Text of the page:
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Pasadena Board of Education v. Spangler


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427 U.S. 424 (1976), argued 27–28 Apr. 1976, decided 28 June 1976 by vote of 6 to 2; Rehnquist for the Court, Marshall and Brennan in dissent, Stevens not participating. Whatever doubts remained after Milliken v. Bradley (1974) that the Supreme Court would exercise a more lenient overview of school desegregation remedies were put to rest two years later in Pasadena Board of Education v. Spangler. Under a 1970 school desegregation plan, the trial court ordered that pupil assignments guarantee that no school in the district have a majority of minority students. Within four years, five schools were in violation of that provision of the plan. The trial court held that the system was not yet desegregated and that annual reassignments to avoid the prohibited outcome were necessary.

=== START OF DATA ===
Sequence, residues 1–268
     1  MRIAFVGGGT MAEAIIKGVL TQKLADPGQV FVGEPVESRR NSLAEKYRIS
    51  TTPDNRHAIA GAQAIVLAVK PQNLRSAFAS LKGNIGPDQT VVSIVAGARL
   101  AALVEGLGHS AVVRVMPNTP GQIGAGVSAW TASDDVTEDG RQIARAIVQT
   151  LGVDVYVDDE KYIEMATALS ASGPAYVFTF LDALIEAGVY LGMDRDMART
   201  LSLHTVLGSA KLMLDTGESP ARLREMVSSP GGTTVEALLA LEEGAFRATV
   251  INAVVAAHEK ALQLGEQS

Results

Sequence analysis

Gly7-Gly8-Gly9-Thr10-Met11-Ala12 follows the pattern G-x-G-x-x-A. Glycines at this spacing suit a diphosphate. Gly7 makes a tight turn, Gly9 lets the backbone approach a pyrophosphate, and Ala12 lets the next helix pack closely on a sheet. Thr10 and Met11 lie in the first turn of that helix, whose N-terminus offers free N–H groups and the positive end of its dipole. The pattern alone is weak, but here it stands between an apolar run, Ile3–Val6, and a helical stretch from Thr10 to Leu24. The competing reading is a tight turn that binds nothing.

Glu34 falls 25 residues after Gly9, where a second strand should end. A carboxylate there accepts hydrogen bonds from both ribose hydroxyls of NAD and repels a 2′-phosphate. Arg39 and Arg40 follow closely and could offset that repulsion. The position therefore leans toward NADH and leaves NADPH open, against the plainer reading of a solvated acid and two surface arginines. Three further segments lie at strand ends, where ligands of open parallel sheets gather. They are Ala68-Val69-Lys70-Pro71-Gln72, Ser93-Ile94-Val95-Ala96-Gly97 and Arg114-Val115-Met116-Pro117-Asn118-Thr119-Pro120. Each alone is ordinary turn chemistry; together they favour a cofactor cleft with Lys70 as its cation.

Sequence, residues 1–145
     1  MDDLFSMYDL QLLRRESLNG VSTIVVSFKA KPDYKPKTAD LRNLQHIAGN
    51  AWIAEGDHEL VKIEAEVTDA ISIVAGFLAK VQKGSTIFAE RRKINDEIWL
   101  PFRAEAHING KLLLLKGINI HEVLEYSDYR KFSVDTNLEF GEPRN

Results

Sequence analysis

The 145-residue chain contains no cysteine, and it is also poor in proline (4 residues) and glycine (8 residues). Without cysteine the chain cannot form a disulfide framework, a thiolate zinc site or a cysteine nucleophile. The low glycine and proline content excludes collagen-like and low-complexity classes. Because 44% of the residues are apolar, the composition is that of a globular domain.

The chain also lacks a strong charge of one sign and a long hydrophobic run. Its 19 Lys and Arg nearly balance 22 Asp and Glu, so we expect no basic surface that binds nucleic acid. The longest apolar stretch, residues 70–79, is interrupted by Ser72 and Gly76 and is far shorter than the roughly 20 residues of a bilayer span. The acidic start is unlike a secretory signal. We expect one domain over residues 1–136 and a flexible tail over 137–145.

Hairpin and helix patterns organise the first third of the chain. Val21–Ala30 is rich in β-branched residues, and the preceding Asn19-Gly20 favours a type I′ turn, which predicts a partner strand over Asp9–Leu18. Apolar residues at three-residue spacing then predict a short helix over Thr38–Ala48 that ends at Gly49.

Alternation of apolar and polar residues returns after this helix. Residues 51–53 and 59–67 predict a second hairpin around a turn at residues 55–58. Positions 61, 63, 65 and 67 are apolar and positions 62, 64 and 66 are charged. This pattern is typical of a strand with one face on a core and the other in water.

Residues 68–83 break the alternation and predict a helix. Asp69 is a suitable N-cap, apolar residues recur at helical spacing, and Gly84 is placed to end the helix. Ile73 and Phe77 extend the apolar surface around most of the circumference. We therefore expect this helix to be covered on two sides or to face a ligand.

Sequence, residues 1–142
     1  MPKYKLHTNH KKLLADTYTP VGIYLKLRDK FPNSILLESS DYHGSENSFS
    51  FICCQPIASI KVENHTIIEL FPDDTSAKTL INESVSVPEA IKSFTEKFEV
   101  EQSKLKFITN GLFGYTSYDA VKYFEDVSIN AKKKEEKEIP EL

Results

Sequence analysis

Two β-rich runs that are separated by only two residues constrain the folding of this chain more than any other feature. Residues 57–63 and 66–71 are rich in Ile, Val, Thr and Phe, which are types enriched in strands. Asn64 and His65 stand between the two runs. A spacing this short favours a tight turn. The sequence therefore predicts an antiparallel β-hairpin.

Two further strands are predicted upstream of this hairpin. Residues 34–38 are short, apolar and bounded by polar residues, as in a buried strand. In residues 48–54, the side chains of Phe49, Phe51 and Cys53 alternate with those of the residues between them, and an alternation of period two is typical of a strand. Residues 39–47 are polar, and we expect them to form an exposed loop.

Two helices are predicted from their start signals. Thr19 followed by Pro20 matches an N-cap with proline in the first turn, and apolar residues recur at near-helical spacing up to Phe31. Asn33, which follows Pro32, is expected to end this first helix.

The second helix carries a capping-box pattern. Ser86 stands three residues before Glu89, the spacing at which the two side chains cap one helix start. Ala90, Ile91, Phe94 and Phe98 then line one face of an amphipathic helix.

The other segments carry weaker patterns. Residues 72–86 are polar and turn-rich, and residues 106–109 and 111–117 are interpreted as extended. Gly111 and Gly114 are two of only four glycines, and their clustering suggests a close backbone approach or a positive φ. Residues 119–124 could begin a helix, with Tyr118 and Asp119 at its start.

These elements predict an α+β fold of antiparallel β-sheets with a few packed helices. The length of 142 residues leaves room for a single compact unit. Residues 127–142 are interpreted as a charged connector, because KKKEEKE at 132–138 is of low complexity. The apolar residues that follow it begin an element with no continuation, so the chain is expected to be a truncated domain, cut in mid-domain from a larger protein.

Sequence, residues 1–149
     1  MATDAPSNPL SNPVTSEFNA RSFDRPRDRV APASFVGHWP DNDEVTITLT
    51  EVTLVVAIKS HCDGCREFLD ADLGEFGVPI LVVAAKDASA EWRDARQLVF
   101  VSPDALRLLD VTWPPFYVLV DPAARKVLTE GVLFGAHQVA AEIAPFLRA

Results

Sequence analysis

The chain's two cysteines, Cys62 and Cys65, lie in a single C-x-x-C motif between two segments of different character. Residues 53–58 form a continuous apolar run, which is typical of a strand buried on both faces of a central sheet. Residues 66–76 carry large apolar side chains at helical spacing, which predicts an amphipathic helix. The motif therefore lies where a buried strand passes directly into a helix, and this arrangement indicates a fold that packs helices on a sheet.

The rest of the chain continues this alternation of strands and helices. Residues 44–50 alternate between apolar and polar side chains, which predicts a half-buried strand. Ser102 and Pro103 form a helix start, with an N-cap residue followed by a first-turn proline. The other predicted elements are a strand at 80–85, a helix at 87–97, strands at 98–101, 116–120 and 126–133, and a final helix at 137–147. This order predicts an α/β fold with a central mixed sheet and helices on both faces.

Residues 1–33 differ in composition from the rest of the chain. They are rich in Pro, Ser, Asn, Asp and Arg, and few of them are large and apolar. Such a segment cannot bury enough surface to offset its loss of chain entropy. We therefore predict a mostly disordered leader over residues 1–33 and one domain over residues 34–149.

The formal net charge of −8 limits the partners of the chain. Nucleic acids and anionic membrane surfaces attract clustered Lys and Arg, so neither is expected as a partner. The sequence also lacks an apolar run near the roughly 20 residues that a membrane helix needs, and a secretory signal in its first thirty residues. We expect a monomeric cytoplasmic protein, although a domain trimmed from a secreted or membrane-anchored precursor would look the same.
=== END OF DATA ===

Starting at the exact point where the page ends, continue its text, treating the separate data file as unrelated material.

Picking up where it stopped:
The Supreme Court disagreed, holding that annual reassignments exceeded the district court's authority and emphasizing that the changes in racial proportions were not chargeable to intentional segregative actions by the district. Quoting Swann v. Charlotte-Mecklenburg (1971), the Court found no constitutional requirement to make annual adjustments “once the affirmative duty to desegregate had been accomplished and racial discrimination through official action [has been] eliminated from the system” (p. 425).

The issue was narrow, but, as Justice Thurgood Marshall's dissent indicated, prior to Milliken one might have expected that the district court's ruling would have been sustained as an exercise of sound Swann-like discretion.

Dennis J. Hutchinson

Subjects: Law.


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